Jeff Jardine

November 27, 2007

Being No. 1 to dad mattered more than 200 millionth rank

Patti Robinson celebrated her 40th birthday last week by spending a relatively quiet evening at home in Ceres with her husband and two children. After all, it was a school night.

Patti Robinson celebrated her 40th birthday last week by spending a relatively quiet evening at home in Ceres with her husband and two children. After all, it was a school night.

Besides, what could possibly match the hoopla Robinson experienced the day she was born Patti Ruth Casey in Castro Valley on Nov. 20, 1967?

At 10:47 that morning, she generated headlines.

"It is quite possible that the little baby girl, weighing in at 6 pounds, 4 ounces, and 19½ inches long, is the 200,000,000 American," a local paper reported in her birth announcement the next day.

By that, the paper meant the person who cracked the 200-million barrier in the U.S. population at the time. Indeed, President Johnson made a big deal about the milestone when he addressed a crowd in the U.S. Commerce Department lobby -- with a "census clock" as his backdrop -- the day she was born. The Census Bureau had estimated the the 200 millionth American likely would be born between 10:58 and 11:02 a.m. that day, and the meter turned over during his speech.

Life Magazine, however, decided that Robert Ken Woo Jr. of Atlanta was the 200 millionth American. He was born at 11:03 a.m. that day. Who knows how many others were born during 16 minutes separating Robinson and Woo? Counting people across an entire nation is always an imprecise science. It took only 39 more years for the United States to reach 300 million in population (in 2006).

OK, so Robinson might have been the 199,999,998th or 199,999,999th living American, or maybe the 200,000,001st. It didn't matter to the good folks of Castro Valley, who showered her with gifts in the event that she really was that child.

"They gave me a high chair, a rocking chair, cribs, toys, diapers, blankets -- absolutely everything a baby girl would need," Robinson said.

What they couldn't give her, though, was the stable family life every child deserves.

Robinson's parents, James and Judy Casey, divorced when she was just 2. Devastated by the breakup, James Casey moved to New York to be near other family members, and found solace in alcohol, Robinson said. Judy Casey went on to two other major relationships and eventually remarried. Neither man was good for Robinson, who said both were abusive toward her.

Robinson was just 8 when her mom died of cancer. Her stepfather took her to relatives in Ceres and left her with them, never to be seen again. Aunt Linda and Uncle Joe Williams raised her as their daughter, with their own four children.

She knew little about her father, only that he had worked in a glass manufacturing plant before moving to New York.

"I'd tried to get in touch with my dad, but he wouldn't talk to me," Robinson said. He was embarrassed about his alcohol use, she said, and didn't want his daughter to know about it.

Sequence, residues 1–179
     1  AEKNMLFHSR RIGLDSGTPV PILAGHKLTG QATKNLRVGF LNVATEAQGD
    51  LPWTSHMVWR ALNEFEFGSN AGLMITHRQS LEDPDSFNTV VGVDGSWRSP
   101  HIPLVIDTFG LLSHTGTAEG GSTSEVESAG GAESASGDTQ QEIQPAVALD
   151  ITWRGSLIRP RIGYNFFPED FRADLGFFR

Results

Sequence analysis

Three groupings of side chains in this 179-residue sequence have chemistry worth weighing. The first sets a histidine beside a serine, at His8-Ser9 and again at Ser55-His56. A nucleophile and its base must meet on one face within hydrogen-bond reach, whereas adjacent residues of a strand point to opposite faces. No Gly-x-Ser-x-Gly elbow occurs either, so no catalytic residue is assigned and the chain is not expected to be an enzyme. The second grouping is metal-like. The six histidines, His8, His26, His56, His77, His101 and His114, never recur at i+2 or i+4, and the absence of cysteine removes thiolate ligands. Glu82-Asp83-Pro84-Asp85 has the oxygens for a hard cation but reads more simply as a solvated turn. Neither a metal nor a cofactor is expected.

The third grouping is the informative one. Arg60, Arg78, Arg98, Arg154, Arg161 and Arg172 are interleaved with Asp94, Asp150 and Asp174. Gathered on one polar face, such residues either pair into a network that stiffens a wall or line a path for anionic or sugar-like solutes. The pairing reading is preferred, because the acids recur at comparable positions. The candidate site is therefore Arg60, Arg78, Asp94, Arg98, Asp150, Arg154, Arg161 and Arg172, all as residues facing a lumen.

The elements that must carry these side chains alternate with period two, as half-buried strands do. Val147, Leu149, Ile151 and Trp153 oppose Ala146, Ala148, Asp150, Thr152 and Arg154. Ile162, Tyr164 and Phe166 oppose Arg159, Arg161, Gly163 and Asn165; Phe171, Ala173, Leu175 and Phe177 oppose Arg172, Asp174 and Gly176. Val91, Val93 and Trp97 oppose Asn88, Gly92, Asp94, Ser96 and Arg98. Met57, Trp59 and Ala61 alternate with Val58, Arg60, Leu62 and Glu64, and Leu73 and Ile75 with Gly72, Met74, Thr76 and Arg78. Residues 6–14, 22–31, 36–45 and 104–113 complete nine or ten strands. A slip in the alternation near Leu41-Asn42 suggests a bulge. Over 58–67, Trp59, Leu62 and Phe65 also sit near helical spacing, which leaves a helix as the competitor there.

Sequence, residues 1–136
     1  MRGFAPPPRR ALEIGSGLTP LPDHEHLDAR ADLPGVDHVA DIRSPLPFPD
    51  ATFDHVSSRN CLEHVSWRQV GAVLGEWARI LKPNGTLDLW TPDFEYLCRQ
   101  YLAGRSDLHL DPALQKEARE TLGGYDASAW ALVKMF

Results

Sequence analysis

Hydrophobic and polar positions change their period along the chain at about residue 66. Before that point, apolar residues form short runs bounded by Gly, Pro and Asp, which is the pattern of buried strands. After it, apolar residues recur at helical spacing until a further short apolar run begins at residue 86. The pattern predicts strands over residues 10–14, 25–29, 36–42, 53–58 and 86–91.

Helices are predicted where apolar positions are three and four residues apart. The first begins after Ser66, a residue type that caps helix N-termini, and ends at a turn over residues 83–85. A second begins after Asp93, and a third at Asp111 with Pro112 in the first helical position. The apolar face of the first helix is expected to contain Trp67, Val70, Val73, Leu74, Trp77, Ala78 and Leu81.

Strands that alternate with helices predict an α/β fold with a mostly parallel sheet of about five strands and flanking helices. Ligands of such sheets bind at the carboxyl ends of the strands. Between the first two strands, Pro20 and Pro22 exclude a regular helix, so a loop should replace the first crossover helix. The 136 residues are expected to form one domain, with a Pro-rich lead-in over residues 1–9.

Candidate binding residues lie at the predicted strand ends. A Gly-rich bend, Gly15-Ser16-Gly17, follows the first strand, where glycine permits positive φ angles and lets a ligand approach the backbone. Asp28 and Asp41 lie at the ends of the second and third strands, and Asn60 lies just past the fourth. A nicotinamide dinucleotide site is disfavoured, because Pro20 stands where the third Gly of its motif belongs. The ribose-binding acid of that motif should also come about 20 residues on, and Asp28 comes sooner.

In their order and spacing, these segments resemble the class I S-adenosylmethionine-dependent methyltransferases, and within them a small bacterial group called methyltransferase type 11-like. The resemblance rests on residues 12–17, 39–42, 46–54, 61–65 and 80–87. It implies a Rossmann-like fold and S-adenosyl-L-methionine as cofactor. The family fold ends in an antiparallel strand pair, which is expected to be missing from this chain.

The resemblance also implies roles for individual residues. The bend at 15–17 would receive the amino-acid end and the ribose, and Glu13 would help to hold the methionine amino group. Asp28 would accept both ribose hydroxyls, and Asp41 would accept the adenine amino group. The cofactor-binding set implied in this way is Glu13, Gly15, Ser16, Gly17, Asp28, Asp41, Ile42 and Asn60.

Nor did she know much about her own story until her grandmother showed her the newspaper clippings one day.

She grew up, married jeweler Tim Robinson and began teaching preschool. They eventually adopted two children (Jonathan, now 8, and Elizabeth, 7).

One day in 1998, she received an invitation to the wedding of her half brother in New York even though they'd never met.

"I told my husband, 'Wouldn't it be funny if I showed up at the church?' " Robinson said. " 'Would they (the New York side of her family) even know who I am?' "

She was serious enough about going to consult her aunt and uncle to make sure they were OK with it, but not that serious because the trip would be expensive. Then, two things happened.

"My boss (Patty Sims at Community Christian Preschool) handed me a check for $500 and said, 'Happy 10-year anniversary,' " Robinson said.

Then, her mother-in-law came to her one day and said, "I think I need to give you something."

It was a check for $1,000 which, with the other $500, was enough to pay for the trip.

James Casey met them at midnight when their flight landed in Elmira, N.Y. It was the first time Robinson had seen him since she was 2.

"He said, 'I know you have some questions,' " Robinson said. "I told him, 'I don't. I know you loved me. I know my mom loved me. Let's start things new.' And we did."

With her strong faith, she never allowed herself to feel like a victim.

"Lots of people use the glass is half-empty, half-full thing," said Robinson, who teaches at Centenary United Methodist preschool in Modesto. "I'm just happy to have a glass. Dad is the glass maker. The Lord is the glass filler."

They were reunited, and the disappointments of her youth simply vanished.

"I'd always been very shy -- a wallflower," Robinson said. "My husband said the moment I met my dad, and we hugged, I became a different person. It was one of those safety, consoling, loving and compassionate moments. When you feel that connection, that's the real you. I felt it."

They saw each other two more times before his death in 2002. But their meeting at the airport was life-changing for Robinson. Because after they hugged, James Casey reached into his pocket and pulled out a piece of paper. It was the newspaper clipping from her birth.

He'd carried it with him all those years, just waiting to tell his daughter all about her moment of fame and how much he loved her.

"According to the Bureau of Vital Statistics, the 200,000,000 American would have been born at approximately 11 a.m. yesterday," the Nov. 21, 1967, story stated, "and a check of hospitals throughout the area, showed Miss Casey to be nearest to the hour."

Jeff Jardine's column appears Sundays, Tuesdays and Thursdays in Local News. He can be reached at or 578-2383.

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